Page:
WM
,
Blanco
C
,
Jones
CM
.
Correlates of prescription opioid use, misuse, use disorders, and motivations for misuse among US adults
.
J Clin Psychiatry
.
2018
;
79
(
5
):
17m11973
5
Schepis
TS
,
Simoni‐Wastila
L
,
McCabe
SE
.
Prescription opioid and benzodiazepine misuse is associated with suicidal ideation in older adults
.
Int J Geriatr Psychiatry
.
. 2019
;
34
(
1
):
122
129
6
Samples
H
,
Stuart
EA
,
Olfson
MJ
.
Opioid use and misuse and suicidal behaviors in a nationally representative sample of US adults
.
Am J Epidemiol
.
. 2019
;
188
(
7
):
1245
1253
7
Ashrafioun
L
,
Bishop
TM
,
Conner
KR
,
Pigeon
WR
.
Frequency of prescription opioid misuse and suicidal ideation, planning, and attempts
.
J Psychiatr Res
.
2017
;
92
:
1
7
8
Kuramoto
SJ
,
Chilcoat
HD
,
Ko
J
,
Martins
SS
.
Suicidal ideation and suicide attempt across stages of nonmedical prescription opioid use and presence of prescription opioid disorders among U.S. adults
.
J Stud Alcohol Drugs
.
2012
;
73
(
2
):
178
184
9
Borges
G
,
Walters
EE
,
Kessler
,
RC
.
Associations of substance use, abuse, and dependence with subsequent suicidal behavior
.
Am J Epidemiol
.
2000
;
151
(
8
):
781
789
10
Underwood
JM
. Overview and Methods for the Youth Risk Behavior Surveillance System - United States, 2019. In:
MMWR Morb Mortal Wkly
, vol.
69
.
2020
:
1
10
11
Bohnert
AS
,
Ilgen
MA
.
Understanding links among opioid use, overdose, and suicide
.
N Engl J Med
.
2019
;
380
(
1
):
71
79
12
Quinn
K
,
Frueh
BC
,
Scheidell
J
,
Schatz
D
,
Scanlon
F
,
Khan
MR
.
Internalizing and externalizing factors on the pathway from adverse experiences in childhood to non-medical prescription opioid use in adulthood
.
Drug Alcohol Depend
.
2019
;
197
:
212
219
13
Merrick
MT
,
Ford
DC
,
Haegerich
TM
,
Simon
T
.
Adverse childhood experiences increase risk for prescription opioid misuse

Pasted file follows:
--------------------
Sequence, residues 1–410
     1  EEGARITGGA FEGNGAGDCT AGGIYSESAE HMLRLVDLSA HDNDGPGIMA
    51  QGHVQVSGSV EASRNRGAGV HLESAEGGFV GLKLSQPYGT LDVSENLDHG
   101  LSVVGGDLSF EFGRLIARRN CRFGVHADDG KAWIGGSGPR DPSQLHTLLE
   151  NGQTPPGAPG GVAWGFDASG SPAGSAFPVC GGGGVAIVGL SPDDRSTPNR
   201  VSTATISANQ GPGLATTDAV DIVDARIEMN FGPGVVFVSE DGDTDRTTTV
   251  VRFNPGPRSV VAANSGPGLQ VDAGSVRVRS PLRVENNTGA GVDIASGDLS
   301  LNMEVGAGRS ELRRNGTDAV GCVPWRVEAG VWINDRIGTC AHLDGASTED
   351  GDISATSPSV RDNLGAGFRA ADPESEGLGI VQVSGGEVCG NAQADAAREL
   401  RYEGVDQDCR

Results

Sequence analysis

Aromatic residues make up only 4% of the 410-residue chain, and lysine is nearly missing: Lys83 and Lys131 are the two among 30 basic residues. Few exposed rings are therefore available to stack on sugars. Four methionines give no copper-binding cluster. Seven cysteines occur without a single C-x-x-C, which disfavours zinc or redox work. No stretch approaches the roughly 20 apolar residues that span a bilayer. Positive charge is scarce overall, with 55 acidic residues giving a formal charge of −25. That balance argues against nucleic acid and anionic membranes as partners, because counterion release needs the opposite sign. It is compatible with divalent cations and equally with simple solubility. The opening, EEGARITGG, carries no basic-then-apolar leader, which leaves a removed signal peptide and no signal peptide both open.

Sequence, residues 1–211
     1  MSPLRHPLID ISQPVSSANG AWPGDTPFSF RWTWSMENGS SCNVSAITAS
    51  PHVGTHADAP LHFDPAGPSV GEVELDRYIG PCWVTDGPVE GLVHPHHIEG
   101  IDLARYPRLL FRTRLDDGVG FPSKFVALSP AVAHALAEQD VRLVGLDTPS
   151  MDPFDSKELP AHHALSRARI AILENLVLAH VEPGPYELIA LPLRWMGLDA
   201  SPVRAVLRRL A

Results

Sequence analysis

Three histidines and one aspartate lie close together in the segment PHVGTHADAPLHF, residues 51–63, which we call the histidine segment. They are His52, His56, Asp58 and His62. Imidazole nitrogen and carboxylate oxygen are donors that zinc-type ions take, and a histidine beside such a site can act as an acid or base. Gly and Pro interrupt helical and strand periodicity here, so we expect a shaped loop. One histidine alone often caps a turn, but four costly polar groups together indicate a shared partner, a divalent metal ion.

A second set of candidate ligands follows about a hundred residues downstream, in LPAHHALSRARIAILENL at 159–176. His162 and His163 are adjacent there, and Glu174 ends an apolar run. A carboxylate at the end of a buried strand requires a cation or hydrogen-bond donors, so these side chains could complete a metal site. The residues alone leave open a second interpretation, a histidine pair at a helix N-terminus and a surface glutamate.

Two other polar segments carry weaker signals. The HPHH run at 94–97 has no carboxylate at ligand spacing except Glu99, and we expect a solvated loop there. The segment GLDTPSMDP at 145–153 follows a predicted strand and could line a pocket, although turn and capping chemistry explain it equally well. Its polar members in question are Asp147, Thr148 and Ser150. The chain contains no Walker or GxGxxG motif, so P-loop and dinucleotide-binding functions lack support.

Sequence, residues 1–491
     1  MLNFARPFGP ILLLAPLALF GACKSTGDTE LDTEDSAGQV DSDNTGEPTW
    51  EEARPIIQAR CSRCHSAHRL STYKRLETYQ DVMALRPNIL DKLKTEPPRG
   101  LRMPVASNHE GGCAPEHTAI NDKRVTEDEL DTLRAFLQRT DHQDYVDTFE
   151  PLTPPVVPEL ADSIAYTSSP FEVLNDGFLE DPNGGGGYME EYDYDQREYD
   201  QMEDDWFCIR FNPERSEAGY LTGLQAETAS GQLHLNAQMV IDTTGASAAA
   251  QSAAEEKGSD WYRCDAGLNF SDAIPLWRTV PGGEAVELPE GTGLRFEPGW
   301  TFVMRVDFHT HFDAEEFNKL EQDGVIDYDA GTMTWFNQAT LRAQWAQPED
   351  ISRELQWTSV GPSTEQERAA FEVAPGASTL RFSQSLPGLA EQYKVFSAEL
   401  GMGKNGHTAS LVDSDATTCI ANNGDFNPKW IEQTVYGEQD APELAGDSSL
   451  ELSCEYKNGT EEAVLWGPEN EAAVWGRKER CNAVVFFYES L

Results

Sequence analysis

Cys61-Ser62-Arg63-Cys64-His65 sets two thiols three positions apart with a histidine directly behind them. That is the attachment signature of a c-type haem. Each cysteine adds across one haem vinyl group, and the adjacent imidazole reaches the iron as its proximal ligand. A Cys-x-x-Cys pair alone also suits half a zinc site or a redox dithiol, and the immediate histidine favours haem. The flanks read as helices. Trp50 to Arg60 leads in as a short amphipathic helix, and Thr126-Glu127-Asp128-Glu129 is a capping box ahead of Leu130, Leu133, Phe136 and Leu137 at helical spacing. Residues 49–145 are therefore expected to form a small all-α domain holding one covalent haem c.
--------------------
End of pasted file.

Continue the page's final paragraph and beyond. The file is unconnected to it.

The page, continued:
.
J Prim Prev
.
2020
;
41
(
2
):
139
152
14
Wiens
K
,
Gillis
J
,
Nicolau
I
,
Wade
TJ
.
Capturing risk associated with childhood adversity: independent, cumulative, and multiplicative effects of physical abuse, sexual abuse, and family violence on mental disorders and suicidality
.
Perm J
.
2020
;
24
:
19.079
15
Bruffaerts
R
,
Demyttenaere
K
,
Borges
G
, et al
.
Childhood adversities as risk factors for onset and persistence of suicidal behaviour
.
Br J Psychiatry
.
2010
;
197
(
1
):
20
27
16
Stein
MD
,
Conti
MT
,
Kenney
S
, et al
.
Adverse childhood experience effects on opioid use initiation, injection drug use, and overdose among persons with opioid use disorder
.
Drug Alcohol Depend
.
2017
;
179
:
325
329
17
Centers for Disease Control and Prevention
.
Preventing Adverse Childhood Experiences: Leveraging the Best Available Evidence
.
Atlanta, GA
:
Centers for Disease Control and Prevention, National Center for Injury Prevention and Control
;
2019
18
Centers for Disease Control and Prevention
. Preventing Suicide: A Technical Package of Policies, Programs, and Practice.
Centers for Disease Control and Prevention, National Center for Injury Prevention and Control
;
2017
19
Centers for Disease Control and Prevention
.
Understanding the Epidemic
.
Atlanta, GA
:
US Department of Health and Human Services, Centers for Disease Control and Prevention, National Center for Injury Prevention and Control
;
2019
20
McFarland
J
,
Cui
J
,
Holmes
J
,
Wang
X
.
Trends in High School Dropout and Completion Rates in the United States: 2019
.
Washington, DC
:
National Center for Education Statistics, Institute of Education Sciences, US Department of Education
;
2020
21
Brener
ND
,
Kann
L
,
McManus
T
,
Kinchen
SA
,
Sundberg
EC
,
Ross
JG
.
Reliability of the 1999 Youth Risk Behavior Survey questionnaire
.
J Adolesc Health
.
2002
;
31
(
4
):
336
342

Competing Interests

POTENTIAL CONFLICT OF INTEREST: The authors have indicated they have no potential conflicts of interest to disclose.

FINANCIAL DISCLOSURE: The authors have indicated they have no financial relationships relevant to this article to disclose.